The Right of the World

Who: Isolwyn and C’aol
Where: Isolwyn’s Weyr, Fort Weyr
What: The aftermath of the inevitable Council meeting.


Isolwyn isn’t usually too badly affected by being away from Eosyth, but her lifemate being on the Sands only adds to the stress of pulling on enough threads to manipulate the desired outcomes from various Council members while trying not to cause such extensive damage that it puts Vesoviath at risk and or casts her own queen in the same light as the line they seek to claim and continue as well as damn. Exhausted though she may be, she’s sent her firelizards ahead to ensure there is food and drink awaiting them in her weyr by the time that they return to Fort, victorious, and it turns out that the kitchen staff haven’t exactly forsaken them, though they cannot have known the extent of the reasons why their leaders have been absent for the day. Whoever it was that brought the food has also made up the fire, leaving the various plates and dishes that someone has caught on to either C’aol or Isolwyn favouring on the circular table that sits before it, drinks kept warm at the edge of the hearth.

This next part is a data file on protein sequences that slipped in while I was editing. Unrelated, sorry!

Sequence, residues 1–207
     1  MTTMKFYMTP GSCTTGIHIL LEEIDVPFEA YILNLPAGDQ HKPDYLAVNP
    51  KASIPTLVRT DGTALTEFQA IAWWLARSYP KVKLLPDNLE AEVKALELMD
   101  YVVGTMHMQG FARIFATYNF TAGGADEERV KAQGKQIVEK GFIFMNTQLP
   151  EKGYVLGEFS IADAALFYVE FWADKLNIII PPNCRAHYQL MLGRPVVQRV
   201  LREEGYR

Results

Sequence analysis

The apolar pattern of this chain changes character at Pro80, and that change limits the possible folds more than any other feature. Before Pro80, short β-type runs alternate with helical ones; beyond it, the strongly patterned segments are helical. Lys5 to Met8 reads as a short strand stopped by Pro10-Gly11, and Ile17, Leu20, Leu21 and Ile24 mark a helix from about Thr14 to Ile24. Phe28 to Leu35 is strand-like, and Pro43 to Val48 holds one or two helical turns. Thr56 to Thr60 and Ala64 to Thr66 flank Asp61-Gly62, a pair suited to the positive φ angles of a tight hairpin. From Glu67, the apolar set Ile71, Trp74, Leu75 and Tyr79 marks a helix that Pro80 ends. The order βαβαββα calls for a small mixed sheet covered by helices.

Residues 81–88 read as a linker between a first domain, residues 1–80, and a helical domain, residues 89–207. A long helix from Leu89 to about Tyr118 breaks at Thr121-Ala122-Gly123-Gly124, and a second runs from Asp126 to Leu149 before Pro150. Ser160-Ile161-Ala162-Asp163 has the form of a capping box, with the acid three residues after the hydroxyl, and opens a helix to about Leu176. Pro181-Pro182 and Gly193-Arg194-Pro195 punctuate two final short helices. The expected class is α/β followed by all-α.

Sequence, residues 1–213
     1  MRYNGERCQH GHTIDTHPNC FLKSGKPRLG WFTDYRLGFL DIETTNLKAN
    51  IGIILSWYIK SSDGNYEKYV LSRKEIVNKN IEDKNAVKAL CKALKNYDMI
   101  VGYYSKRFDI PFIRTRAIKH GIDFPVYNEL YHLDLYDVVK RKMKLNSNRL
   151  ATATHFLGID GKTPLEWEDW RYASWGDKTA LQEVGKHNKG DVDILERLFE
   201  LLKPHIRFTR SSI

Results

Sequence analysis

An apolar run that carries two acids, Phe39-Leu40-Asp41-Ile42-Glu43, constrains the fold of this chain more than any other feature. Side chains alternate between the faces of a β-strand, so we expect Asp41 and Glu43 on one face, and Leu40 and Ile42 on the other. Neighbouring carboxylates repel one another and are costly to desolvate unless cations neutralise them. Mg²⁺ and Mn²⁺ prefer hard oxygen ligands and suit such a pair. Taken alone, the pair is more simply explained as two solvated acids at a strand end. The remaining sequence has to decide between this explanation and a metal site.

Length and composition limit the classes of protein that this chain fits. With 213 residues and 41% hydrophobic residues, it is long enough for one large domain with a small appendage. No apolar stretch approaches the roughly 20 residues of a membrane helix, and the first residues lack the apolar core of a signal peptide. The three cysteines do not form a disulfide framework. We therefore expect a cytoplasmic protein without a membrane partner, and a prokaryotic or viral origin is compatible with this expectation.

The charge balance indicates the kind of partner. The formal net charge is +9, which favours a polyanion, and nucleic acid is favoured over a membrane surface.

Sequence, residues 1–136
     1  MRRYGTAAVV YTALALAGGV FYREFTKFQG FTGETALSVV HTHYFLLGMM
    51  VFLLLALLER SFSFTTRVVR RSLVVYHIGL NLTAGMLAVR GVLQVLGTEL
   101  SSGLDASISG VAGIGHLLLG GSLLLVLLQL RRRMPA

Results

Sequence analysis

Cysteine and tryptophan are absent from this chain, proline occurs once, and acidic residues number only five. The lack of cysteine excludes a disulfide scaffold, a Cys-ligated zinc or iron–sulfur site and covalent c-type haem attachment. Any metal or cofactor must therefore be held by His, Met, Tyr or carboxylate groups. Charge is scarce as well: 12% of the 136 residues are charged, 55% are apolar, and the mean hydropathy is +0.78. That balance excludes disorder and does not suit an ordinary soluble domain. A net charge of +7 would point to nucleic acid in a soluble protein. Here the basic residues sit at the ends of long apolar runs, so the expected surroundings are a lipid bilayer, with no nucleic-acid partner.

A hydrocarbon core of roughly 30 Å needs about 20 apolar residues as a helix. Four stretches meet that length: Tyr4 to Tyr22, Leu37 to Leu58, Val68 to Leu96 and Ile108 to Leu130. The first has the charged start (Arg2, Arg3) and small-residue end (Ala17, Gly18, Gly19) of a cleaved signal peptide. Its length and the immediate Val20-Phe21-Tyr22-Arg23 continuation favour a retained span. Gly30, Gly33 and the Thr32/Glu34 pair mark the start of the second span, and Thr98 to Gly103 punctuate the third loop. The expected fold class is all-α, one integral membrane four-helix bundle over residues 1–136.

C’aol is silent as he enters Isolwyn’s weyr, focused on removing his flightgear and properly stowing it away before he removes his boots and leaves them tucked near the door. He stretches his neck and reaches his arm out to snap and pop his elbow with an audible crack before he settles his limbs at his side. He waits for Isolwyn to rid herself of her various flightgear before he escorts her, a hand to the small of her back, towards the welcome relief of her favorite foods and the warmth offered by the fire. He pulls out her chair and waits for her to sit, before he leave sher side to go and claim the one opposite her. It is not the food that he reaches for but the Fortian wine that he draws towards him to pour into her glass and his own. Once he has settled the drinks between them, he allows a small smile to play across his lips as he lifts his glass in a toast, “To Fort’s Weyrwoman,” he heralds, as if they were more than an audience of the cat that somehow has found a way to wind itself around his feet in greeting. “Who has orchestrated the Council to her will, placed our future goldrider at Honshu, and dismissed all concern centered around Vesoviath.”